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Narrow(er) Makes Comeback - Again

post #1 of 17
Thread Starter 

I get emails from realskiers.com and thought this was interesting:

 

"Last week I spent three days immersed in the annual ski show in Denver and, like many of my brethren, almost as much time trying to travel home.  (This edition of the realskiers newsletter is a day off schedule due to the health-sapping rigors of these endeavors.)  

 
After sifting through the catalogs of 14 major brands, culling and categorizing over 260 models we expect to cover for 2017, a most interesting and welcome development emerged from the data: most new models next year will be less than 85mm underfoot, a significant slimming of America's ski silhouette."

 

Must say, a trend that actually makes some sense.  I've skied at Elk (PA), Hunter (NY) and Belleayre (NY) so for this year; all areas known for 400+ inches of fresh powder - that's cumulative for 20 years.  This year has been horrendous, yet I've seen several skiers on wide, near full rocker skies.  I get that for a quiver, but on boilerplate?  Seems to indicate these people don't have a quiver and they've chosen a ski that's optimistic even for a travel ski.

 

Guess this is just another wide-ski bashing thread, but thought some might find the actual ski trends interesting.  FWIW, I have a pair of Q98s and love them.  Demoed 115s and loved them during a Alta powder day.

post #2 of 17

Presumably they needed to make new models because youzall weren't buying the old skinny models.  Can't see there's anything to complain about here and it'll hopefully reduce the whining about how no one makes skinny skis anymore.

post #3 of 17
Just like mountain biking...
post #4 of 17

I thought mountain biking was all about Fatbikes these days - they're even  seemingly taking off in unsnowy Europe (ehich must be more fashion than function) - are you saying 26ers & hardtails are coming back in?

post #5 of 17
Quote:
Originally Posted by fatbob View Post
 

I thought mountain biking was all about Fatbikes these days - they're even  seemingly taking off in unsnowy Europe (ehich must be more fashion than function) - are you saying 26ers & hardtails are coming back in?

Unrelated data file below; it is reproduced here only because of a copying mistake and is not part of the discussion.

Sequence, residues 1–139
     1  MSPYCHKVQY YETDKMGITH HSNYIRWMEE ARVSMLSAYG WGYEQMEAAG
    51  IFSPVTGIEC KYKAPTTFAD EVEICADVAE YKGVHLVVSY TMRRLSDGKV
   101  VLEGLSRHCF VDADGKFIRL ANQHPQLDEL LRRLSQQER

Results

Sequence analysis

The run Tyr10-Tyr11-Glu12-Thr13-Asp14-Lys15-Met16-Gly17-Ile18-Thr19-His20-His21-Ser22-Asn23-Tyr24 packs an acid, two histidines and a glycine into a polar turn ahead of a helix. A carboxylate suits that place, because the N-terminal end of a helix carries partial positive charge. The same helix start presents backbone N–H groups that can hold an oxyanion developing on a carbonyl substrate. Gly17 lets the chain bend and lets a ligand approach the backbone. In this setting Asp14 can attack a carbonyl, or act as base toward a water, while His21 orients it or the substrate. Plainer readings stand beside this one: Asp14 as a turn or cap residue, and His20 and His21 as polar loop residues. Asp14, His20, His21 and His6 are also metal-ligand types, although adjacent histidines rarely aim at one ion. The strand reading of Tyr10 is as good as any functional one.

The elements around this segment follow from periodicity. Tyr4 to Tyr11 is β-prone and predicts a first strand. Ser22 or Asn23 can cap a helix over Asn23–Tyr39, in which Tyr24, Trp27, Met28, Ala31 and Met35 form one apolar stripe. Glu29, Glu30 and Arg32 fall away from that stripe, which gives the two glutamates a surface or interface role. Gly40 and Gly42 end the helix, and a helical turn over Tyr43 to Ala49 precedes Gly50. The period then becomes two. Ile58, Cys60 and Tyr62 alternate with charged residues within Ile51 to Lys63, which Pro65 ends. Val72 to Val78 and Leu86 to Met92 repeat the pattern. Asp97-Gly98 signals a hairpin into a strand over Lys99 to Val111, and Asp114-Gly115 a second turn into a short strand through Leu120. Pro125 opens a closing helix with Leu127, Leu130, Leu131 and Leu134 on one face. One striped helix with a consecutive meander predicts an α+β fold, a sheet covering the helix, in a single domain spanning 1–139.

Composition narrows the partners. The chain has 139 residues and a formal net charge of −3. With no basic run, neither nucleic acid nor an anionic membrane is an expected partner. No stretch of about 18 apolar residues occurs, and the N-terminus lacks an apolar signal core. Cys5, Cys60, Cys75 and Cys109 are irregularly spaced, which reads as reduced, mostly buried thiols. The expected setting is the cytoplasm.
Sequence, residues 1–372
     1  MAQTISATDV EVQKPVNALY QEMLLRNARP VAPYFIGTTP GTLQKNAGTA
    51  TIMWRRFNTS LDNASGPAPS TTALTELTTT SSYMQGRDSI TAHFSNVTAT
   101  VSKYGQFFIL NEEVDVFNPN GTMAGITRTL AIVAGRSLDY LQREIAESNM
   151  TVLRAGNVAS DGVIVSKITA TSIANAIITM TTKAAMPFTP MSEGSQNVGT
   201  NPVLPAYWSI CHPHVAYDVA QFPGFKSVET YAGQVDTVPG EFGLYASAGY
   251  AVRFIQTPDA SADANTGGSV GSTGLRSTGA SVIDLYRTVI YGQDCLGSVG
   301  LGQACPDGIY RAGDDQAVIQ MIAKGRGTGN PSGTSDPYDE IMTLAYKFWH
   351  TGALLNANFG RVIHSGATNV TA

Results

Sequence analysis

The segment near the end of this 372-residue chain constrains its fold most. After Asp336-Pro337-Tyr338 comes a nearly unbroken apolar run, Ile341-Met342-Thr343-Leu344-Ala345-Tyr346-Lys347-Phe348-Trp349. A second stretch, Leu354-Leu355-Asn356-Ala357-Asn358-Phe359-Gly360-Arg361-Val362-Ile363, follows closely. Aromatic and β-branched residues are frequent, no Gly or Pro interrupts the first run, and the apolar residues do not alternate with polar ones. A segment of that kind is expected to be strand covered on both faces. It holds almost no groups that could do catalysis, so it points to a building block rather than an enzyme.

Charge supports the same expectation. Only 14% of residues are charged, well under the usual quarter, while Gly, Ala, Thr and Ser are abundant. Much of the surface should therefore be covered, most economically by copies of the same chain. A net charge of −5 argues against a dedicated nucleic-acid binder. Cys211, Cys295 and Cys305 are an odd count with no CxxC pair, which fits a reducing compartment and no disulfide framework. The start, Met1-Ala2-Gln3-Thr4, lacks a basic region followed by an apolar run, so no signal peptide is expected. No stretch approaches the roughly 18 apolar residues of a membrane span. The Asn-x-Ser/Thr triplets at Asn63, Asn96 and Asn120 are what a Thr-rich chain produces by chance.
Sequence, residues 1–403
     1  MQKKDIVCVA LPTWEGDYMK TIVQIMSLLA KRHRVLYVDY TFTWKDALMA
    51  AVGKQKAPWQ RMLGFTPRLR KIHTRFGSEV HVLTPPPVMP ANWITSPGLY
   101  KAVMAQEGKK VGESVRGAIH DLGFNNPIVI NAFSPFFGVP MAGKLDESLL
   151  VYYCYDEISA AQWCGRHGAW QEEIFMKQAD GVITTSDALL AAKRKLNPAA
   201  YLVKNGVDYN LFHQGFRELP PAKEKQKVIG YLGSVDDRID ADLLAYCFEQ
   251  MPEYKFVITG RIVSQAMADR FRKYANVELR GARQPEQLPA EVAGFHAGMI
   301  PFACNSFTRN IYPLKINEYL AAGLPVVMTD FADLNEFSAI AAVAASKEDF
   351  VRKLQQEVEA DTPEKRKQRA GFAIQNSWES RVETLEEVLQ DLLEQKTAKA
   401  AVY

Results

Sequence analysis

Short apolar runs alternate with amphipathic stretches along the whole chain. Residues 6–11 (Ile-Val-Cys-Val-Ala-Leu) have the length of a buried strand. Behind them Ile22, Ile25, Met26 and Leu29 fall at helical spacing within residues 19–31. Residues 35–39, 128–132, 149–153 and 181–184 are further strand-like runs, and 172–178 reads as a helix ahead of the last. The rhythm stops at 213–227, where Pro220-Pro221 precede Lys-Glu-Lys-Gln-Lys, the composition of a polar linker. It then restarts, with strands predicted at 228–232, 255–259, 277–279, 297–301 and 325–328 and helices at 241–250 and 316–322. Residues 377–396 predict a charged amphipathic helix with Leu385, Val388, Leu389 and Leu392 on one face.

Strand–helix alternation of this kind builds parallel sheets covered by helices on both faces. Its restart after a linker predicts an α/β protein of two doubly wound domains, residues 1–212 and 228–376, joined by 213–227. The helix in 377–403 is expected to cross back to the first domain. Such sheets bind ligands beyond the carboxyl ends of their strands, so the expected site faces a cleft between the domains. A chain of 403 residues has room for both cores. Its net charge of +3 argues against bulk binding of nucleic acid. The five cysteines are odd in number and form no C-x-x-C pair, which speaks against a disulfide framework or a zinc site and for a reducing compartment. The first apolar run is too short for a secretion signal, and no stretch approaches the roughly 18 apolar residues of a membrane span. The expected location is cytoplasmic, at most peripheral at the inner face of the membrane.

Yeah, it's all marketing and cycles..fat bikes are already slowing down..they had 29's, now 27.5's..who knows what's next.  Probably back to 26ers and hardtails.  Same thing with road bikes..suddenly fixies were popular again..every hipster doofus in the city had a fixie..  Enduro mountain bikes, freeride mountain bikes..who knows.  Ride what you like but I hope people see through the marketing nonsense.  Hopefully when someone says a 73mm ski is good for groomers they won't get shouted down by the 120mm minimum crowd..

post #6 of 17

Damn, that pendulum never stops swing, does it?

 

Remember: anything worth doing eventually gets taken to a ridiculous extreme i.e. the point of significantly diminishing returns ...... and then we start all over again!

post #7 of 17

i don't think it's about a pendulum swinging or returning to reason.  It is about that segment of the market not being updated much in the past few years.  The market has been in wider skis so that's where the R&D has been mostly.  Things are good in the 90+mm market.  The narrower stuff is mostly out of date so now they're coming out with updated narrower skis.  Head had some last year with the Instinct series and others are following along this year.

post #8 of 17
Quote:
Originally Posted by Paul Lutes View Post
 

Damn, that pendulum never stops swing, does it?

 

Remember: anything worth doing eventually gets taken to a ridiculous extreme i.e. the point of significantly diminishing returns ...... and then we start all over again!

 

I am completely ready for the 45mm-59mm market to be updated; I mean it's been 20 years already :p

post #9 of 17
Quote:
Originally Posted by mtcyclist View Post
 

i don't think it's about a pendulum swinging or returning to reason.  It is about that segment of the market not being updated much in the past few years.  The market has been in wider skis so that's where the R&D has been mostly.  Things are good in the 90+mm market.  The narrower stuff is mostly out of date so now they're coming out with updated narrower skis.  Head had some last year with the Instinct series and others are following along this year.